The debate over the Arctic National Wildlife Refuge reemerged last week as the Obama administrationannounced new protections for the vast, oil-rich Alaskan landscape. The Department of Interior is placing the 30,000 square mile ANWR off-limits to drilling, and the president wants Congress to further designate the refuge as wilderness—the highest form of federal protection. Environmental groups praised the move. "Some places are simply too special to drill," said Jamie Williams, president of The Wilderness Society. The Center for Biological Diversity urged Congress to permanently protect the area "before it's destroyed for short-term profit." But, asks Shawn Regan, what would happen if we left the fate of ANWR up to environmentalists? What would they do if they owned ANWR? A story in the July 1981 issue of Reason could have the answer.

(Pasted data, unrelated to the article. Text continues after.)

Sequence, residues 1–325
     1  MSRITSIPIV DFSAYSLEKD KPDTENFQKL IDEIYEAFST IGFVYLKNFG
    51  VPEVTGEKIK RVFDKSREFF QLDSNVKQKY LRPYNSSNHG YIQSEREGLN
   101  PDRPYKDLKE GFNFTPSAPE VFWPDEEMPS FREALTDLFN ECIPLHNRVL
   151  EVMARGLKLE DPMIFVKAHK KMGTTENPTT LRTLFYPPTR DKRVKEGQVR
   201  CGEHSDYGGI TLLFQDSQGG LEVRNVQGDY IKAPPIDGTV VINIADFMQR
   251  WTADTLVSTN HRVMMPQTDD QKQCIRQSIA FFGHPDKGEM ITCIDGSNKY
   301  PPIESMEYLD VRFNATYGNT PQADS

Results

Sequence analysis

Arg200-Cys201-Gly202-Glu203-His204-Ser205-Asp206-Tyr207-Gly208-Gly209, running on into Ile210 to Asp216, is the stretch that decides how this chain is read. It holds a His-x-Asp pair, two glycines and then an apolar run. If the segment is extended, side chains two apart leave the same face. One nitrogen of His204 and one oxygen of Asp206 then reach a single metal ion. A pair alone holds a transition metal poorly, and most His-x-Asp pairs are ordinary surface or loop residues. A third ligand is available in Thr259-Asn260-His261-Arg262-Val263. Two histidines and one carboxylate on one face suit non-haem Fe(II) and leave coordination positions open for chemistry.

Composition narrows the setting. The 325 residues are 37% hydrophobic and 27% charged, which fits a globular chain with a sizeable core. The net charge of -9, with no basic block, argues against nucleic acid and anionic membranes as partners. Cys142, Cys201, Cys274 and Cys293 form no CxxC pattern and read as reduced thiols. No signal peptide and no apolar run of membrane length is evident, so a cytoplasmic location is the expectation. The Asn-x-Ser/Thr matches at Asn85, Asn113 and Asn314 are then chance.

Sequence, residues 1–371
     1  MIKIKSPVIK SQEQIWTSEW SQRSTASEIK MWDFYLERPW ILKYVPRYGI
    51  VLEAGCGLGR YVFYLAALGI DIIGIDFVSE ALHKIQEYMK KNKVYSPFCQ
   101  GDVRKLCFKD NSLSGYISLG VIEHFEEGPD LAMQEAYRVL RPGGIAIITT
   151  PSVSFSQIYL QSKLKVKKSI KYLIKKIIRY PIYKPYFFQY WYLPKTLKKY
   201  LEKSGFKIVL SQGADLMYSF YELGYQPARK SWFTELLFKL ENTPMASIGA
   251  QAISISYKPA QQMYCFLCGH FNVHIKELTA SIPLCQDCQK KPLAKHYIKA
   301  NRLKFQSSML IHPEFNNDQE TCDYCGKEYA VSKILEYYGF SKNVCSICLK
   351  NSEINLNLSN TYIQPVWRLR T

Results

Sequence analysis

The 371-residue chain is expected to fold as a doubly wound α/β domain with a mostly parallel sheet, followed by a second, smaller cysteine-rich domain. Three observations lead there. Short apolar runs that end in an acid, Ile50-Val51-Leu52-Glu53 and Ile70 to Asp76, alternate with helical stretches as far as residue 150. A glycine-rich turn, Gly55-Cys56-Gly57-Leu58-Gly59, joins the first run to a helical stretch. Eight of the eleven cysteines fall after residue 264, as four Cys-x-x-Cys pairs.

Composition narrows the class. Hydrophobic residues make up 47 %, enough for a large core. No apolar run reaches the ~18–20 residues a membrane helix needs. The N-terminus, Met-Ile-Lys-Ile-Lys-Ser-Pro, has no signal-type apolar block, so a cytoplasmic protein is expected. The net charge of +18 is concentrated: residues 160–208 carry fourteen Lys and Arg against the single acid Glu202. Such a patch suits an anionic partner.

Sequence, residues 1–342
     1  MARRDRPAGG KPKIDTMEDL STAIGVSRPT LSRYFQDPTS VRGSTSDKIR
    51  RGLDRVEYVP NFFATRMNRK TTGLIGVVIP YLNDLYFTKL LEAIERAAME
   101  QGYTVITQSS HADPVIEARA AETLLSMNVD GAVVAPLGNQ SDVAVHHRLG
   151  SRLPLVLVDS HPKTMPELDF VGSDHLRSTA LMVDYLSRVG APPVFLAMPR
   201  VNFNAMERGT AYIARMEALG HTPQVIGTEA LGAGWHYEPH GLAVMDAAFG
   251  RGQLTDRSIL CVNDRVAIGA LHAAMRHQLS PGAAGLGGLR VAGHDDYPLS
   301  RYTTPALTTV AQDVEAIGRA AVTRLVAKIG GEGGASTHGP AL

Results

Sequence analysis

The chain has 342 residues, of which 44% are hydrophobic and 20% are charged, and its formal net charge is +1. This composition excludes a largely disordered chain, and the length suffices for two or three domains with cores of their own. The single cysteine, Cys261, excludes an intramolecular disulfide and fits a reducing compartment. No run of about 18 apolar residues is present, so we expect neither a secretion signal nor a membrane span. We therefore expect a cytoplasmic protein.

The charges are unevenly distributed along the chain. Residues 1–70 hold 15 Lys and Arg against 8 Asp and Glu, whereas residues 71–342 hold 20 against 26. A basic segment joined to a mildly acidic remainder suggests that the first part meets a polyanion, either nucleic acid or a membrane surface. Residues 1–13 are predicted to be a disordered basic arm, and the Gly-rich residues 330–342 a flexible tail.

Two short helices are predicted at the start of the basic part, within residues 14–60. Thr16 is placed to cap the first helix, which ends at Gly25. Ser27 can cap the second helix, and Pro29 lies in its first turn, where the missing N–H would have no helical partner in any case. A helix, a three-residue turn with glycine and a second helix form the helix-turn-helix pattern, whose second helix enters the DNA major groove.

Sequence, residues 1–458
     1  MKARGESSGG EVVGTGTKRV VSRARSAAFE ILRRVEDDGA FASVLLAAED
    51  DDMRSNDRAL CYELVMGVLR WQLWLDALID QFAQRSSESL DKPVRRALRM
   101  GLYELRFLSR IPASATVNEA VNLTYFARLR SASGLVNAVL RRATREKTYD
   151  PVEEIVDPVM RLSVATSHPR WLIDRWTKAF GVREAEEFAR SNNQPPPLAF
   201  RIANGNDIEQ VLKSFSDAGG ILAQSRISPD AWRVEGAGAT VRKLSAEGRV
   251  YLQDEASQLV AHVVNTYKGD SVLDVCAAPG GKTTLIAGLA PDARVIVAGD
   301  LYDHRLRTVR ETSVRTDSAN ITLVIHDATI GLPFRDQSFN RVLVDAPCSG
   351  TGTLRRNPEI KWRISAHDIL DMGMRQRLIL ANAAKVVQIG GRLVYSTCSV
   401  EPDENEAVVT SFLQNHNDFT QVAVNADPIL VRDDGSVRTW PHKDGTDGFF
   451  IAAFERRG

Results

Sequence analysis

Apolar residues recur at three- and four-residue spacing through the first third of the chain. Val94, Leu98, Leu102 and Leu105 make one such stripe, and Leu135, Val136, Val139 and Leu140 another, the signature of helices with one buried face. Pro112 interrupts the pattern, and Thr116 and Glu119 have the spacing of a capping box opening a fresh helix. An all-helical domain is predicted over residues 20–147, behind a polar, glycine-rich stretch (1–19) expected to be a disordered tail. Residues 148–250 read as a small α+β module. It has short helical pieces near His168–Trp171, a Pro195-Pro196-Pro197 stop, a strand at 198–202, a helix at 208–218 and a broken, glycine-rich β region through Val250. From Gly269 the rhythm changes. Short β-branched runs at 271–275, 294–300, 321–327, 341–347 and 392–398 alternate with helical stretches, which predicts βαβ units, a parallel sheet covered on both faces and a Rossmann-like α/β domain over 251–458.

Biden's Latest Round of Student Loan Debt Forgiveness Is an Indictment of Federal Higher Education Subsidies
Thirty-five years after Bill Bennett sounded the alarm about student loan defaults, we still haven't learned a damn thing.
In 2018, the Republican said family separations were "tragic and heart-rending."
But the appeals court wasn't having it.
Rules range from absurd to appalling without respect for civil liberties or basic logic.
A new survey of students' free speech attitudes has both encouraging and worrying findings.